Having been warned by an angel about Herod’s plan to massacre the infant boys in his kingdom, Joseph left Bethlehem and took his wife and child to Egypt, where they remained until it was safe to return. The episode, which proved popular with artists, inspired a range of approaches. In addition to treatments of the Massacre of the Innocents—many of which fuse graphic images of child murder with expressions of maternal grief—the two most common were representations of the journey of the Holy Family, or, as is the case here, of a moment of rest along the way.
In this painting, which has been attributed to the circle of Juan Sánchez Cotán, the emphasis of composition falls on the position of Joseph as guide and protector. Depicted in full-length with a thick bushy beard flecked with tinges of grey and a yellow cloak over a blue tunic, he grips the wrist of the infant Christ with his right hand while indicating the way forward with his left. As he looks downwards towards his son, he exudes an impression not just of love and devotion, but of masculine authority and experience. By his side, Christ, dressed in blue and red, reciprocates his gaze while carrying a cross-surmounted orb that symbolizes the triumph over death and the dominion of Christianity on earth. Above their heads, a brace of cherubs pick dates from a palm tree so as to provide them with sustenance. The fact that the palm is a traditional symbol of martyrdom adds an additional element of poignancy, anticipating the Infant’s future sacrifice. By their side, the Virgin, dressed in robes of pink, white, and blue, rests in the company of angels. The book in her hands suggests the fulfilment of prophesy. Despite having avoided the fate of the mothers of the Innocents, the fact that she is surrounded by sawn tree stumps—a traditional reference to lives cut off in their prime—suggests that her joy will be fleeting.
The approach adopted in the painting counters the popular medieval perception of Joseph as a doddery old man and figure of secondary importance. Rather than draw attention to his status as an impotent cuckold who could not possibly have fathered a son, it envisions him as a vigorous man in the prime of life, assuredly embracing his roles as father, teacher, and guide. It can be related in this respect not just to works such as Jerónimo Gracián’s Summary of the Excellencies of St Joseph (1597), but to the decision of the Carmelites to adopt him as patron and the subsequent exportation of his cult to the Americas, where engraved images proved particularly popular.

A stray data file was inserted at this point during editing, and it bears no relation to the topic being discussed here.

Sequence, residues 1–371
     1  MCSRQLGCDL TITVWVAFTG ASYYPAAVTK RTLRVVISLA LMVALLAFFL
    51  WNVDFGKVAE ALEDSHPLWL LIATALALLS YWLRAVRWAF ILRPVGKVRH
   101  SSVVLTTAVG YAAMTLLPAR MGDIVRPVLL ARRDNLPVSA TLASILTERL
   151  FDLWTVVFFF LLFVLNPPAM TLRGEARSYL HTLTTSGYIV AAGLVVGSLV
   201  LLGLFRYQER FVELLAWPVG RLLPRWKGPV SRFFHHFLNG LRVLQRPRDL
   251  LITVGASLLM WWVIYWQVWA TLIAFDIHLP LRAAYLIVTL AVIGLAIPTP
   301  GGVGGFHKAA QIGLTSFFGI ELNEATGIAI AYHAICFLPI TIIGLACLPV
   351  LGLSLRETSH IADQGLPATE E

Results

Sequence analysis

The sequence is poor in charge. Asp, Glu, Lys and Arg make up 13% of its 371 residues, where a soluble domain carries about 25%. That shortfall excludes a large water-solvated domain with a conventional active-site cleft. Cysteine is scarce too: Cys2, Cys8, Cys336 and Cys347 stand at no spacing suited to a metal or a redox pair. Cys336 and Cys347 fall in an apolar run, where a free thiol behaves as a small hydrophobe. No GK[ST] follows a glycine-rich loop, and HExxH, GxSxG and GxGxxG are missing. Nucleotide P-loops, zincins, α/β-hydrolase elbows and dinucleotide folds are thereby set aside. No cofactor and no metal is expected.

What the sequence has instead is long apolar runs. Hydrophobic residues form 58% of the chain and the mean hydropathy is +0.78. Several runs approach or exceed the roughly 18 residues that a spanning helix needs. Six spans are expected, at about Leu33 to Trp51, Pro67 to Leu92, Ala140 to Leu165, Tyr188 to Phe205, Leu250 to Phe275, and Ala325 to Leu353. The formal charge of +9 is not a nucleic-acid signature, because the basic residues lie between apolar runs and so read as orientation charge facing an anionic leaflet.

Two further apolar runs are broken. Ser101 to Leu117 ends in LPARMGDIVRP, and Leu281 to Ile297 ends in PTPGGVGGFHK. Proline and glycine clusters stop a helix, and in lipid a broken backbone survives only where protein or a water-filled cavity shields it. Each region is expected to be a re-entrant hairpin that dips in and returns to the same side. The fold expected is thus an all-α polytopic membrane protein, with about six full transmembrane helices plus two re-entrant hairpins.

The painting, which is unsigned, was previously attributed to Juan Fernández Navarrete (1526–79) but has subsequently been reattributed to the circle of Juan Sánchez Cotán, an artist active in Toledo until 1603 and then in Granada until the end of his life in 1627.
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St Joseph Leading the Infant Christ, known also as The Rest on the Flight into Egypt.
Circle of Juan Sánchez Cotán (Toledo, 1560 – Granada, 1627).
Medium and Support
Oil on canvas.
221 x 156.2 cm.
Marks and Inscriptions
Bequeathed by John and Joséphine Bowes, 1885.
The Bowes Museum, Barnard Castle, B.M.69.
George Kubler & Martin Soria, Art and Architecture in Spain and Portugal and their American Dominions: 1500 to 1800 (Harmondsworth: Penguin, 1959), p. 379;
Eric Young, ‘Renaissance and Mannerist Painting in Spain’, Apollo, 81 (1965): 206–15 (p. 214);
Eric Young, ‘Cuadros españoles poco conocidos del Bowes Museum’, Archivo Español de Arte, 4 (1967): 204–14 (p. 212);
Eric Young, Catalogue of Spanish and Italian Paintings: The Bowes Museum, Barnard Castle, County Durham (Washington: County Council of Durham, 1970), pp. 49–51;
Alfonso Pérez Sánchez, ‘Unfamiliar Italian Paintings of the Seventeenth Century’, Apollo, 99 (1970): 364–73 (p. 358);
Eric Young, Catalogue of Spanish Paintings in the Bowes Museum, 2nd ed. (Middlesborough: The Bowes Museum, 1988), pp. 152–53;
Charlene Villaseñor Black, Creating the Cult of St. Joseph: Art and Gender in the Spanish Empire (Princeton NJ: Princeton University Press, 2006), pp. 21–39;
Véronique Gerard Powell, ‘Spanish Paintings in the Bowes Museum’, in Spanish Art in County Durham, ed. Clare Baron & Andy Beresford (Bishop Auckland: Auckland Castle Trust, The Bowes Museum, & Durham University, 2014), p. 68;
Mercedes Cerón, ‘Saint Joseph Leading the Infant Christ’, https://vads.ac.uk/digital/collection/NIRP/id/27173 [accessed: 18.07.22].